A 35-year-old father of two died while kayaking on Lake Michigan in June 2016. At the time of his death, he had an ERISA-governed life insurance policy with The Standard insurance company. The Standard paid the death benefit, but refused to pay the $81,000 accidental death benefit, citing a policy exclusion for “deaths caused or contributed to in any way by the voluntary consumption of drugs or alcohol.”
The refusal was based on the fact that at the time of his death, the decedent had a blood alcohol level of .13. An expert reviewer for The Standard concluded that the decedent’s high BAC must have “at least contributed” to his drowning.
We filed an extensive ERISA appeal. No one witnessed why or how the decedent had come out of his kayak and into the water. We provided information about the weather (the waters and wind were calm when he left the shore, but in the 90 minutes between the time he embarked and the time he drowned, the winds had picked up and the waves were 3 feet high).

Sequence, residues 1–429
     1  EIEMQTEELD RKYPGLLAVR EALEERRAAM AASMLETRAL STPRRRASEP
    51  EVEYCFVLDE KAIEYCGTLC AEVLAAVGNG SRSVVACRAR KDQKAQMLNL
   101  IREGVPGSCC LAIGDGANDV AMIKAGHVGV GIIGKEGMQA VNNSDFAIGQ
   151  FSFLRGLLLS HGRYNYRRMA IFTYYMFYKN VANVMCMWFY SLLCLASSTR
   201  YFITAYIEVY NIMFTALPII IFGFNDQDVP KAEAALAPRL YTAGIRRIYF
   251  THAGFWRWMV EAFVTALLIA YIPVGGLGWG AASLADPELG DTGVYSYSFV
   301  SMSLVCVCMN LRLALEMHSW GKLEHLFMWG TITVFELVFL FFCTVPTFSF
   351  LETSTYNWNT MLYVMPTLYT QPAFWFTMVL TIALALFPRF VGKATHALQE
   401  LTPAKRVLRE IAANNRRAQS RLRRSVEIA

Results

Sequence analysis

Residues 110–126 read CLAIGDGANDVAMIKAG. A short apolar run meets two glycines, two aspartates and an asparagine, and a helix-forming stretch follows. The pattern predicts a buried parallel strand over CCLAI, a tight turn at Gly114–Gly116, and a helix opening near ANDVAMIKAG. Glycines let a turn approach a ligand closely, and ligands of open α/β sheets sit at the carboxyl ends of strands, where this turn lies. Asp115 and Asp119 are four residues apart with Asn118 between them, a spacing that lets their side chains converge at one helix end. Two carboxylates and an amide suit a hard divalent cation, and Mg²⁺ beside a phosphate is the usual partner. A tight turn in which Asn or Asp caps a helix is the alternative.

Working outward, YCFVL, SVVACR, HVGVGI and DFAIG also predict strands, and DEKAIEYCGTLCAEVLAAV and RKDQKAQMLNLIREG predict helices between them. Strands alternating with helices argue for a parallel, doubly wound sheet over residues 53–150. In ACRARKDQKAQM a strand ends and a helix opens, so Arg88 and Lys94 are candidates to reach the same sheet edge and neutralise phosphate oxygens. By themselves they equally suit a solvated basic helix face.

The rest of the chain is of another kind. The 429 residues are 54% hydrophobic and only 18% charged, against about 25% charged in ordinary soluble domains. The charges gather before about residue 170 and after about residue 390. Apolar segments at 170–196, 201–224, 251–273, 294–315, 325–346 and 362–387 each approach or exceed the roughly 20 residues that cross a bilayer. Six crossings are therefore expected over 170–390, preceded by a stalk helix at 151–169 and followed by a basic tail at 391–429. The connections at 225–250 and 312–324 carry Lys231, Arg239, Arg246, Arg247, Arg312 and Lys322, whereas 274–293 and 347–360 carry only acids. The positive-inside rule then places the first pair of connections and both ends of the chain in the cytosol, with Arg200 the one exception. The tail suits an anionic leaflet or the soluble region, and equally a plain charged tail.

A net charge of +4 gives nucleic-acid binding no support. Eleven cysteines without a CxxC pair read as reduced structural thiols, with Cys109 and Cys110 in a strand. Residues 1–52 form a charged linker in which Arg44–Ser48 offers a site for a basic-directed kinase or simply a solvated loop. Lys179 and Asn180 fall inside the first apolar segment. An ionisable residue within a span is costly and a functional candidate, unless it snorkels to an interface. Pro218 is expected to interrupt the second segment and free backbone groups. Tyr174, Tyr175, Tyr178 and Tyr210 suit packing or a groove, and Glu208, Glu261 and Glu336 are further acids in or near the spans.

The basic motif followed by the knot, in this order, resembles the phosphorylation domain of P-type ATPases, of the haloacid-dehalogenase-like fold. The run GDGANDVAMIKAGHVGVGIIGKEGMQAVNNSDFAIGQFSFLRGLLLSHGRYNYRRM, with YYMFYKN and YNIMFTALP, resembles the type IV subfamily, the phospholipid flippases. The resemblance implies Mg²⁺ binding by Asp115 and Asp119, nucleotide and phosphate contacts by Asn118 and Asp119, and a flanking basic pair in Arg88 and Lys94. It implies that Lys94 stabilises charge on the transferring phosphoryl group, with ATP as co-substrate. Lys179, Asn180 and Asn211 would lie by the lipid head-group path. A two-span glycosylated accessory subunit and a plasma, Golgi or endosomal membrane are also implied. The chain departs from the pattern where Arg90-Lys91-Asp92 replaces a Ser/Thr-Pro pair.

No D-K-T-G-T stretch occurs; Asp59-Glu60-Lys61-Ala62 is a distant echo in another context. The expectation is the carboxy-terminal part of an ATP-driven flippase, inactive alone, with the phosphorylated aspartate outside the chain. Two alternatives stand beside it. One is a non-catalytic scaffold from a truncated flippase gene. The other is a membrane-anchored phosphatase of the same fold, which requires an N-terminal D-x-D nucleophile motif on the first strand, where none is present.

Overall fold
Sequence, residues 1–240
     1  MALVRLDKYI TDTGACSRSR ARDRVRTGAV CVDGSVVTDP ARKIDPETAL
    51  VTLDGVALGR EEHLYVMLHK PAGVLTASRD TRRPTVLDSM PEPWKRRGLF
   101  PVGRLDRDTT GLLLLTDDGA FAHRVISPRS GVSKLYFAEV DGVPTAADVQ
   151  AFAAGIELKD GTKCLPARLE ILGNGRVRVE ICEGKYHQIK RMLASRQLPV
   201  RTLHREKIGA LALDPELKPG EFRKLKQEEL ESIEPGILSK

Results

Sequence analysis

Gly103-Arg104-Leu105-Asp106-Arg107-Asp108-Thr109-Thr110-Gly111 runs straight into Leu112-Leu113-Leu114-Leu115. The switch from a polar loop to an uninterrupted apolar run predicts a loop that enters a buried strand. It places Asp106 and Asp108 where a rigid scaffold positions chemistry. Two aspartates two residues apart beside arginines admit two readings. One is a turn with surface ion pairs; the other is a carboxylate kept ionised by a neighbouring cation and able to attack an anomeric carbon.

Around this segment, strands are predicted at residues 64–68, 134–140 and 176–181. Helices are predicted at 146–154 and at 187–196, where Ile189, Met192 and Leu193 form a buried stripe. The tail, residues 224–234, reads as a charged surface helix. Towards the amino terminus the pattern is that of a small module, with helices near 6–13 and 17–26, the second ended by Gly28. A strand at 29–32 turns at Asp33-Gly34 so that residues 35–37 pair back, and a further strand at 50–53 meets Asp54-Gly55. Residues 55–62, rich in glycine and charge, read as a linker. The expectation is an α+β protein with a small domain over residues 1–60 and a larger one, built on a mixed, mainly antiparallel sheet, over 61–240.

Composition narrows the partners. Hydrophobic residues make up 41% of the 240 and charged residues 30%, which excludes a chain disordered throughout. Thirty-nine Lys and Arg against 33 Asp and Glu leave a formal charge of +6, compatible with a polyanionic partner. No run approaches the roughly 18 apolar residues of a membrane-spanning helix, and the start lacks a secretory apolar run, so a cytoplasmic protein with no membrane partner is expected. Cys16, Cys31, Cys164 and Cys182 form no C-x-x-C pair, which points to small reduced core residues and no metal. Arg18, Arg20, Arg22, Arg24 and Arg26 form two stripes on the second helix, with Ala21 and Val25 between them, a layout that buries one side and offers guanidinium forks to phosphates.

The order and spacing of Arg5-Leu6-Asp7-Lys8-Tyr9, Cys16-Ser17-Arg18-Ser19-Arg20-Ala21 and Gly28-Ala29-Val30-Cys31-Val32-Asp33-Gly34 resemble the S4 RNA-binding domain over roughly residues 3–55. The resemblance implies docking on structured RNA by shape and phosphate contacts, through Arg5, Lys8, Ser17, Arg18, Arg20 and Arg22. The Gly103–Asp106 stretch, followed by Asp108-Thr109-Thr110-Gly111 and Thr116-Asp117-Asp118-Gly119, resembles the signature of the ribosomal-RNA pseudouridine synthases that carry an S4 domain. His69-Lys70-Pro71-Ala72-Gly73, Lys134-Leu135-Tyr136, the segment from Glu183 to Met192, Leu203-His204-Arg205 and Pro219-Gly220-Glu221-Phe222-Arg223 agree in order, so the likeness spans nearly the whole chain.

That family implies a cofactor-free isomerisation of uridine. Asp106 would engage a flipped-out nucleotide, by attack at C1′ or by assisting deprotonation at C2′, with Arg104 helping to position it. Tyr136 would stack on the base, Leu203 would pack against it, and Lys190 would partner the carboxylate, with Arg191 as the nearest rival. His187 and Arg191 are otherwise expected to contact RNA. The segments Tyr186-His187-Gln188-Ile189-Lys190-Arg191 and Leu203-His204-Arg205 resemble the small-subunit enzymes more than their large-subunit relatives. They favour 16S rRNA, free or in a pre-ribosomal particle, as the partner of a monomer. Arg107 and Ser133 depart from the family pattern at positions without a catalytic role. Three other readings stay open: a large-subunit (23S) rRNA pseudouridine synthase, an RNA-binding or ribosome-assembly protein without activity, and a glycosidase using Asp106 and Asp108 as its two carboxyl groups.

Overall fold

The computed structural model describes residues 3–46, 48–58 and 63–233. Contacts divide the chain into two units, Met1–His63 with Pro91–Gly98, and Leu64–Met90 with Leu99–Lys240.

We included the last know picture of the decedent alive (which showed that the water was very calm). We also included TV news reports (via YouTube video) that showed that Lake Michigan had a very high rate of drownings in 2016 and had a reputation (unbeknownst to the decedent) of being a very dangerous lake for amateur kayakers. We also included a report from toxicology consultant Richard McGary that opined that even though the decedent’s BAC was high, it was impossible, in an unwitnessed drowning, to know whether intoxication played any role in the death.
Plaintiff’s Expert Toxicologist: Richard McGary
Defendant’s Expert Physician: Richard Tovar, M.D.